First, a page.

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Copyright © 2014 American Institute of CPAs 


Applications for loans, health and life insurance coverage, government subsidy programs and even child adoption are predicated on verifying certain critical information. To gain some assurances that the information provided is accurate, lenders, providers, regulators and various other government and nongovernment agencies will often request third-party verification letters from a CPA firm.

These letters might ask a CPA to verify certain information that their client has previously provided or that he or she is simultaneously providing. Third parties typically ask that a CPA sign a verification letter before the third party commits to providing a loan, a government subsidy or health insurance, to name a few examples. When these requests are made, you'll want to get help from your CPA. 

Confidential Information and Matters of Solvency

 

CPAs are eager to address third-party requests, but there are two types, which come with important caveats: those requiring CPAs to provide confidential client information and those related to matters of solvency.

If a CPA receives a request from a lender or another third-party seeking verification of client information, the client should understand that the CPA cannot provide any confidential client information without signed, written consent. Likewise, obtaining a client’s consent to share tax return information creates an added complication because using a standard client consent form is not sufficient. In fact, it’s a crime. Internal Revenue Code Section 7216 dictates that CPAs use a specific format to obtain consent to disclose client tax return information to a third party.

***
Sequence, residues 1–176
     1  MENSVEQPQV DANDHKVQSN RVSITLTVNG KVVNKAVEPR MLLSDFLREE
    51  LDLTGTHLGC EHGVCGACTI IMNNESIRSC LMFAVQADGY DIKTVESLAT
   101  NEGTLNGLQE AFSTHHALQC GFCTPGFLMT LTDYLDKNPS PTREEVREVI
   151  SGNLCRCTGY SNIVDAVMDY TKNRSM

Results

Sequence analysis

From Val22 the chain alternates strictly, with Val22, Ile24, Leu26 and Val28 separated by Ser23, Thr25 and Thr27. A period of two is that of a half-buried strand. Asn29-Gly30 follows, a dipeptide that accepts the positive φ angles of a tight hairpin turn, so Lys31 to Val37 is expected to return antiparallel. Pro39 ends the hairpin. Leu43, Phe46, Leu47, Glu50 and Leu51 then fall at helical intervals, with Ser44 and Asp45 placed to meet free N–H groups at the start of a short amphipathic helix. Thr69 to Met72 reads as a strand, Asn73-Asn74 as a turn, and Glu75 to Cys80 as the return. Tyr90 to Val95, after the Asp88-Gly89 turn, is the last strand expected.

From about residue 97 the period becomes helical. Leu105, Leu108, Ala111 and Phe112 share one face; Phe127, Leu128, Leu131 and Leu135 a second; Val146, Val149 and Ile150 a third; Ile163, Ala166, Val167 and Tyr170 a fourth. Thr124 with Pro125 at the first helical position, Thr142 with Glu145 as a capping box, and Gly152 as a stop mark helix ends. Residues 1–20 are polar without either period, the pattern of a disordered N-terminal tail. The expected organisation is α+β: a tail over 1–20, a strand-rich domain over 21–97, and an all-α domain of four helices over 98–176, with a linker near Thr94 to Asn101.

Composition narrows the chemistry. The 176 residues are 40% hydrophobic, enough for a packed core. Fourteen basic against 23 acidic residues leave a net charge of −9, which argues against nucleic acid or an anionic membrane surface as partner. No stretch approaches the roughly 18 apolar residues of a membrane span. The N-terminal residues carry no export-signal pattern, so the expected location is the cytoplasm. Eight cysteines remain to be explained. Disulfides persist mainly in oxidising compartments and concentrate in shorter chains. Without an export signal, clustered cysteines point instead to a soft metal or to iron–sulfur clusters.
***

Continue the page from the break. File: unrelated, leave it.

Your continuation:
Additionally, CPAs are precluded from responding to a requestor seeking any assurance on matters relating to solvency—or the ability for an individual or business to service its debt and meet its other long-term obligations. Matters relating to solvency are subject to legal interpretation under the Federal Bankruptcy Code and various state fraudulent conveyance and transfer statutes. Because these matters are not clearly defined in an accounting sense and are subject to varying interpretations, CPAs do not have suitable criteria to evaluate a subject matter or make an assertion. Lenders are often concerned with legal issues on matters relating to solvency; however, CPAs are generally unable to evaluate or provide assurance on these matters of legal interpretation. The attestation standards preclude CPA practitioners from giving any form of assurance on matters relating to solvency.

A CPA can, however, provide a number of other types of responses or activities that address the concerns outlined in a request.

Understanding Other Types of Requests

 

A lender or entity may request verification of:

  • Self-employment status
  • Income
  • Number of employees
  • Business ownership
  • Business profitability
  • Business sustainability
  • Real estate purchase impact on business
  • Business loan impact

For these kinds of requests, there are usually several ways a CPA can respond.

Determining the Proper Response

 

A CPA can provide a response that states factual information or they might need to provide a more formal report, assuming the CPA has performed sufficient procedures and has a basis for the report. A CPA may respond verbally or via email, form letter or other written channels.

Depending on the request, the CPA may need to provide additional services, such as performing:

For example, if a client seeks a loan that is contingent on a request for self-employment verification, a CPA may respond by performing an engagement to gather and provide the requested information. Or, if more assurance is needed, the CPA can perform an examination or review engagement. The amount of assurance required by the requestor will dictate the associated compliance costs.

If a lender or other third-party requestor makes an inquiry and/or you are not clear on the type of information they are requesting, please contact a CPA who can help you determine the best response or course of action to take.